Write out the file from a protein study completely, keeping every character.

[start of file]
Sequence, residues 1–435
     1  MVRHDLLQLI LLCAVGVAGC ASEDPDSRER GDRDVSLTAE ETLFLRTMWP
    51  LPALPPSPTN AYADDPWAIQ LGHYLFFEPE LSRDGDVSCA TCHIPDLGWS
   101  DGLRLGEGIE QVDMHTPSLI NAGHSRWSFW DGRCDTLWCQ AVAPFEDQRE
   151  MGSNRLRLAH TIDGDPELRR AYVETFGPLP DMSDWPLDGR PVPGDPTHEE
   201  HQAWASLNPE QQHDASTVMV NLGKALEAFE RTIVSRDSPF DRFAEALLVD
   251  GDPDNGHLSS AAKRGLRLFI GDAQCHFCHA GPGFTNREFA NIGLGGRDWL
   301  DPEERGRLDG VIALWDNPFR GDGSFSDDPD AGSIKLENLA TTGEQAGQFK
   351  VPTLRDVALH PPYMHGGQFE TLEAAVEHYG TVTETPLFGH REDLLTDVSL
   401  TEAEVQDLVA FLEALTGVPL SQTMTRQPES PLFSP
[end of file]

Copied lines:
Sequence, residues 1–435
     1  MVRHDLLQLI LLCAVGVAGC ASEDPDSRER GDRDVSLTAE ETLFLRTMWP
    51  LPALPPSPTN AYADDPWAIQ LGHYLFFEPE LSRDGDVSCA TCHIPDLGWS
   101  DGLRLGEGIE QVDMHTPSLI NAGHSRWSFW DGRCDTLWCQ AVAPFEDQRE
   151  MGSNRLRLAH TIDGDPELRR AYVETFGPLP DMSDWPLDGR PVPGDPTHEE
   201  HQAWASLNPE QQHDASTVMV NLGKALEAFE RTIVSRDSPF DRFAEALLVD
   251  GDPDNGHLSS AAKRGLRLFI GDAQCHFCHA GPGFTNREFA NIGLGGRDWL
   301  DPEERGRLDG VIALWDNPFR GDGSFSDDPD AGSIKLENLA TTGEQAGQFK
   351  VPTLRDVALH PPYMHGGQFE TLEAAVEHYG TVTETPLFGH REDLLTDVSL
   401  TEAEVQDLVA FLEALTGVPL SQTMTRQPES PLFSP